Tag: Praxis

A list of goals

Associate professor of marketing Robyn LeBoeuf presented research findings to an eager corporate audience in December at the first Praxis Series breakfast. Attendees were surprised to learn that speaking about goals in terms of weeks rather a specific date appeared to motivate people to take initial action toward pursuing goals.

Robyn LeBoeuf

Robyn LeBoeuf

There is more research to be done, as the Q&A time after her presentation proved. There are many more questions about how wording can affect goal-setting to motivate customers or employees.

LeBoeuf’s presentation included research published in her paper, “The Influence of Time-Interval Descriptions on Goal-Pursuit Decisions”. The paper was a top contender in the  2015 Olin Award competition that honors research that impacts business.

Contact or learn more about Professor LeBoeuf here.

Read previous Praxis and Olin Award papers here.

Judges of the 2015 Olin Award competition couldn’t choose just one winner this year from the field of relevant and rigorous research papers submitted by Olin faculty, so they named two winners. Professors Andrew Knight and Anne Marie Knott were each awarded the prize.

Professor Knott presented her paper, “Explaining the Broken Link Between R&D and GDP Growth,” on March 27 to business leaders from industries including pharmaceuticals, life sciences and technology, energy, and household product manufacturing.

Knott’s latest research grew out of her work on developing a measure of R&D productivity called the Research Quotient (RQ), which forms the basis for CNBC’s annual firm innovation rankings. RQ measures the percentage increase in revenues achieved from a 1 percent increase in R&D spending, and fits the construct in growth theory that predicts a firm’s profits, growth, and market value.

In searching for an explanation of RQ declines at some companies and the broken link between R&D productivity and GDP growth Knott realized there was a culprit hiding in plain sight: outsourced R&D!

Firms failed to realize outsourced R&D has zero returns! Thus while a 10% increase in internal R&D increases later revenues by 1.7%, a 10% increase in outsourced R&D has no impact on later revenues.

The good news is this problem is easily reversed! And it’s likely R&D can again drive firm and economic growth. If firms restore their prior R&D productivity levels by gradually bringing outsourced projects back in house, Knott predicts growth in firm revenues and GDP will follow.

Learn more about Professor Knott’s articles and presentations.


An Invitation

The 2015 Olin Award co-winner, Professor Andrew Knight, will present his paper “Who Defers to Whom and Why? Dual Pathways Linking Demographic Differences and Dyadic Deference to Team Effectiveness” on May 12. Professor Knight’s research explains what drives interpersonal influence in teams and connects patterns of influence to team performance. Register for this event by emailing your RSVP to CorporateRelations@olin.wustl.edu.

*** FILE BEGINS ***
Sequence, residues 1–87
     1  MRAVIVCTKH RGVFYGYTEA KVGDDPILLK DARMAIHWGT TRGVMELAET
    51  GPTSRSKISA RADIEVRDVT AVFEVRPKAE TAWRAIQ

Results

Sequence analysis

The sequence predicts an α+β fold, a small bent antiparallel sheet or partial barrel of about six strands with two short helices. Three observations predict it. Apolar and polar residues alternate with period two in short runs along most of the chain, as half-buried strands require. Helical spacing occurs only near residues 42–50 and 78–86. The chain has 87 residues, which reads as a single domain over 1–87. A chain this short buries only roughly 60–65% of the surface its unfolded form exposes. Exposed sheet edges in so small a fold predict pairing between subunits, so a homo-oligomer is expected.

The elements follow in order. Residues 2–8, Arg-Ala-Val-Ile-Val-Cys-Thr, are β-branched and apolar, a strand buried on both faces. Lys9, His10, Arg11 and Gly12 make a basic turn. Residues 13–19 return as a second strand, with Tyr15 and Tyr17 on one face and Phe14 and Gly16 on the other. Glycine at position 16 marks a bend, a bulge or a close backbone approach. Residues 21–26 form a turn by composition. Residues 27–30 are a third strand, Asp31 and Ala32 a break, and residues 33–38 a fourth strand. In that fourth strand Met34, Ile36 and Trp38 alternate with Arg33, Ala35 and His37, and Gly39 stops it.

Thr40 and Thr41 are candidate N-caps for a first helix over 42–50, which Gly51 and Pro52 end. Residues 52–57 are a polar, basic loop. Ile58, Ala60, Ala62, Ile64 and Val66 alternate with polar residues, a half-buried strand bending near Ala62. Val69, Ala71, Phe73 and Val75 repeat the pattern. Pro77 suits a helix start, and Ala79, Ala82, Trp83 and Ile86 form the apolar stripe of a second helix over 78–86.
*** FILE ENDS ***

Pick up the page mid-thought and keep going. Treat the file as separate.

Read more faculty research and watch professor videos here.

Leaders in the financial industry appreciated Professor Xiumin Martin’s presentation of her paper Internal Information Asymmetry, Internal Capital Markets, and Firm Value at the December 9, 2014 Praxis luncheon.  A lively Q&A session ensued.

Bloomberg Businessweek ranks Olin Business School at Washington University in St. Louis #4 in Intellectual Capital (the volume of faculty research published in top business journals), among the best business schools in the country.

“Praxis” is the application of theory or ideas, and it’s the name of our annual publication that features faculty research that is relevant to business managers today. Research put into practice is at the heart of the collaborative relationship between Olin Business School and our Corporate Partners. Let’s work together to make business better.

Read Olin Praxis here and watch this video of Prof. Martin talking about her research on information asymmetry.

Contact Dorothy Kittner for more information at kittner@wustl.edu or 314-935-6365.

St. Louis is a long way from her native Barbados, but Michelle Duguid has adjusted to life on the shores of the Mississippi as an assistant professor of organizational behavior at Olin since 2009. Her areas of research include: group demography and social status; group creativity and decision-making.

Praxis_Mean_GirlsDuguid’s research paper, “Female Tokens in High-Prestige Work Groups: Catalysts or Inhibitors of Group Diversification?” was featured in Olin Praxis: Research that Impacts Business in 2012.

Read more about a new course on Women and Leadership that Duguid is co-teaching this semester with Maxine Clark, founder of Build-A-Bear Workshop.

Standing instead of sitting at meetings has several known benefits, but until now, researchers didn’t have empirical data to prove that it really leads to more creativity and better overall performance.  Organizational behavior professors Markus Baer and Andrew Knight use wearable technology in experiments to measure how people behave in meetings whether sitting or standing. Read an executive summary of their research in the newest issue of Praxis, Research that Impacts Business. Baer and Knight discuss their research in this video: